Barbara Grindle knows the endless possibilities that Cubelets robot blocks offer to students of all ages. A third-grade teacher at Marshdale Elementary in Evergreen, Colorado, Ms. Grindle serves as her school’s Gifted and Talented Building Liaison, as well as the STEAM Class Coordinator. She likes to use Cubelets in her Friday Afternoon Clubs as an exploration exercise. She challenges her students to experiment and determine what each robot block does, as well as figure out how they work together. In her after-school STEAM class, Mrs. Grindle uses Cubelets and the Cubelets Blockly app to explore coding. For Ms. Grindle’s students, Cubelets have fostered a variety of engaging lessons that develop 21st-century skills. She advises her fellow educators to think about what they can teach using technology, as opposed to what they can teach about technology. She has witnessed Cubelets helping students, including those with special needs, open up in ways she never thought possible:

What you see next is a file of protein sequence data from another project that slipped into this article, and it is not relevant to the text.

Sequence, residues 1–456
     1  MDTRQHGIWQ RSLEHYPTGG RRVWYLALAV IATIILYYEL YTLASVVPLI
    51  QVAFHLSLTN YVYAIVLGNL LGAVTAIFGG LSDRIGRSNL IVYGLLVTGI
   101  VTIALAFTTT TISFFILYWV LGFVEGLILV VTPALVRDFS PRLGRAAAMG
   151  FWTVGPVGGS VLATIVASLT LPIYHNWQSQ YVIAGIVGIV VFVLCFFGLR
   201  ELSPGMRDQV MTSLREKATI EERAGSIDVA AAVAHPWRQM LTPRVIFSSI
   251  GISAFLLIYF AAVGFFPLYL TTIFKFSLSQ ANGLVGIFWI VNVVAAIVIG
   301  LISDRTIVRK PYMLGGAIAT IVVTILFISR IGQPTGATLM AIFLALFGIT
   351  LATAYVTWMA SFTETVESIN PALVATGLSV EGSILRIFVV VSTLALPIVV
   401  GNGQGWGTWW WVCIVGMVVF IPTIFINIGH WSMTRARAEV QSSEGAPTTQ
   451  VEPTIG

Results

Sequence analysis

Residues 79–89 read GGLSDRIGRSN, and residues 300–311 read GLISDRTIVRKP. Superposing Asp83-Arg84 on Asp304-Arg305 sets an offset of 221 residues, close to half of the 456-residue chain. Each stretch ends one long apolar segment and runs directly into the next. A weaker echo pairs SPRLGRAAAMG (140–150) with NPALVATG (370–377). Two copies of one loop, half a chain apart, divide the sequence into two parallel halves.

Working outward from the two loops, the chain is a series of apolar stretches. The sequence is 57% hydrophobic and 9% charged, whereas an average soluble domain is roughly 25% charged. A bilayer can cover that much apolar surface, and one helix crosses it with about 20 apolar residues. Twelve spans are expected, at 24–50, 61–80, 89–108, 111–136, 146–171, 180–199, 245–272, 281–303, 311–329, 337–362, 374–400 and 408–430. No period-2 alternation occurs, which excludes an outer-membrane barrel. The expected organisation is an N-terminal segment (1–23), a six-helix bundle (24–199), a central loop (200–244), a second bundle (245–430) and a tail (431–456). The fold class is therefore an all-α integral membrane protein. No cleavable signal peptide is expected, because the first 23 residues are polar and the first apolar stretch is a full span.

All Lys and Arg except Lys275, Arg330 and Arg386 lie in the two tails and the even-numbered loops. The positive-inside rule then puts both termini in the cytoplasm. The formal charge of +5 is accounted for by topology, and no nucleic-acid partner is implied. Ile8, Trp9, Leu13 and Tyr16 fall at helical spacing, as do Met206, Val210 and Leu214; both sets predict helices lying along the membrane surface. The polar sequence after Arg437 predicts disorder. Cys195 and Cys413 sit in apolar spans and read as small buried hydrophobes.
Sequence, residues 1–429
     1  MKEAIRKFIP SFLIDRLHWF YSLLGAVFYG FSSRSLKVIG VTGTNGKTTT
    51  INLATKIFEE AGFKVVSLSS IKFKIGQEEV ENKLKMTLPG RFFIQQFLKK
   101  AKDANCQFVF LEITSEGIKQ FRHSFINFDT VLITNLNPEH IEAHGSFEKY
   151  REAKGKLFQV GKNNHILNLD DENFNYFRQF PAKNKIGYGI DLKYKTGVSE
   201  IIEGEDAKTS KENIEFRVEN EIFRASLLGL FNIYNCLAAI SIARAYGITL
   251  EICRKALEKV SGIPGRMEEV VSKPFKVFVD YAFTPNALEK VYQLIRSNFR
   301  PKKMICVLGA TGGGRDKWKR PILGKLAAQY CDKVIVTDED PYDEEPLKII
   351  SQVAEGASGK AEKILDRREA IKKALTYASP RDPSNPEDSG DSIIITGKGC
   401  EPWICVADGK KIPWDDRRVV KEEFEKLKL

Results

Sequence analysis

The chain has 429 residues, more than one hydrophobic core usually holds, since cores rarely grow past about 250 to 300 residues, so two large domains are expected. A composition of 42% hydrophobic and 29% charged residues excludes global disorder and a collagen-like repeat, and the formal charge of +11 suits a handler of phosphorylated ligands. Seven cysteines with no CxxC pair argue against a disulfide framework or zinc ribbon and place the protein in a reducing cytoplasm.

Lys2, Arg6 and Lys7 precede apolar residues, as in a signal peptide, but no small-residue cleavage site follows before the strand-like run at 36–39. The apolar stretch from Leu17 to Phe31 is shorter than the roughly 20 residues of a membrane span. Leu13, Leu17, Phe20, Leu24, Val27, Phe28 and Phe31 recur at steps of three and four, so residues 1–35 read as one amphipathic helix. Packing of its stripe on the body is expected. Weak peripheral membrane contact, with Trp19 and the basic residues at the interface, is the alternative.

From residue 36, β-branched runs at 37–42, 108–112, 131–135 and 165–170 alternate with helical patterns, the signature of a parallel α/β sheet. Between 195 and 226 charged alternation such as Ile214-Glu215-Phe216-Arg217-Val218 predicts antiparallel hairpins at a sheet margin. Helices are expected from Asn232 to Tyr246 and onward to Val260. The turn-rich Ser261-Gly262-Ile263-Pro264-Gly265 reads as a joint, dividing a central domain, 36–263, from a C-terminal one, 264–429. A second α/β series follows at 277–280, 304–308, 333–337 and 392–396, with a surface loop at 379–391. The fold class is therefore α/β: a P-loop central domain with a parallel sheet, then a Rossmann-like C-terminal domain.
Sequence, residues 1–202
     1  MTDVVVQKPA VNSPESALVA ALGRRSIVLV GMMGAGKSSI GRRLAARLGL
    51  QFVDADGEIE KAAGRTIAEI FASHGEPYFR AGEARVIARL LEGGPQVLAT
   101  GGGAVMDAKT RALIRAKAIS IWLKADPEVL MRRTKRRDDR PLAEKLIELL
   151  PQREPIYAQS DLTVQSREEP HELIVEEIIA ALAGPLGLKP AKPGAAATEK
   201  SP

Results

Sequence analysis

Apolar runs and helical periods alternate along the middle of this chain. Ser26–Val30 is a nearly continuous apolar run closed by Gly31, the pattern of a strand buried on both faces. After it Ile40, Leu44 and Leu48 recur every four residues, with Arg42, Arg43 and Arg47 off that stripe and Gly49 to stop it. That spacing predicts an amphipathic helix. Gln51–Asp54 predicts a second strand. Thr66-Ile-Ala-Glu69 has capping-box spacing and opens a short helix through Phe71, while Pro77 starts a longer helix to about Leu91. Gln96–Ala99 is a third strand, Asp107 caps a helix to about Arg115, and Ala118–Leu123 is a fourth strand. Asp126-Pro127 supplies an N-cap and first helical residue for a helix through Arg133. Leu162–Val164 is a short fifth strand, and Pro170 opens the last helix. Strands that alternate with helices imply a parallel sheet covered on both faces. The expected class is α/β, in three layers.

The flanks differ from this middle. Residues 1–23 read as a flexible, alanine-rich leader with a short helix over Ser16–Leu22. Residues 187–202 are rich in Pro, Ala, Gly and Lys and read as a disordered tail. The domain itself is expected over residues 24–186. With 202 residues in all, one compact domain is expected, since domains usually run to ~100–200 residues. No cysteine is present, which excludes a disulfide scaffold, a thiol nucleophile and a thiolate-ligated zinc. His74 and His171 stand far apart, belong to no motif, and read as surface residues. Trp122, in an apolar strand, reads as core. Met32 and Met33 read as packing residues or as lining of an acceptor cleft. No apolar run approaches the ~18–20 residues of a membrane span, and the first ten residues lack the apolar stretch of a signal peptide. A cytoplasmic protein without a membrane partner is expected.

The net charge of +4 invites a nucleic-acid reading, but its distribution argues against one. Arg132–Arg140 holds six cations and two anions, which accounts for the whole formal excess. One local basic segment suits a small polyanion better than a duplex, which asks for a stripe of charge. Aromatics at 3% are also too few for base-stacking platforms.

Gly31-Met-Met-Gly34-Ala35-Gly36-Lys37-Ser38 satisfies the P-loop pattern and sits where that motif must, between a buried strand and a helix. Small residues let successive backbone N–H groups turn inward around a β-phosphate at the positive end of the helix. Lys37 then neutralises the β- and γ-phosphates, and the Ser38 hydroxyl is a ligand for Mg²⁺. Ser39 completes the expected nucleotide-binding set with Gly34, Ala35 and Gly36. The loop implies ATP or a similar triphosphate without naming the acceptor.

When I met my new third graders last August, I had a student with severe special needs… I would only get a shy smile from her occasionally. She felt overwhelmed in our regular classroom and would not make eye contact or interact with the students when she was in our room. My teammate and her daughters had a wonderful time playing with Cubelets at the Denver Museum of Science and Nature. She told me to check them out. My first thought was not for my after-school STEAM class, but for this student. Here would be a way for her to equally participate with classmates. I wrote a grant through Donor’s Choose for Cubelets. In the meantime, I saw her and two girls belly laughing while coloring! That was a quite a breakthrough! But none of our activities required enough interaction, or were too difficult for her, and we didn’t seem to make much more progress. She still would not talk to us even though she could now say a few simple sentences. Then the Cubelets arrived. A boy and girl explored the Cubelets with her for several days. Then she started talking to them in complete sentences to help her accomplish what she was trying to get the Cubelets to do! The adults cried and the class cheered when we learned what had taken place. I now get big smiles, sometimes hugs, and an occasional word from her. During our Morning Meeting she will now whisper the information she wants to share to the person sitting next to her. In our current economics unit, one of our students chose her for a business partner and they are making products to sell on our third grade Market Day. This is a newfound engagement with the whole world!Cubelets have helped build bridges between her students in other ways, as well.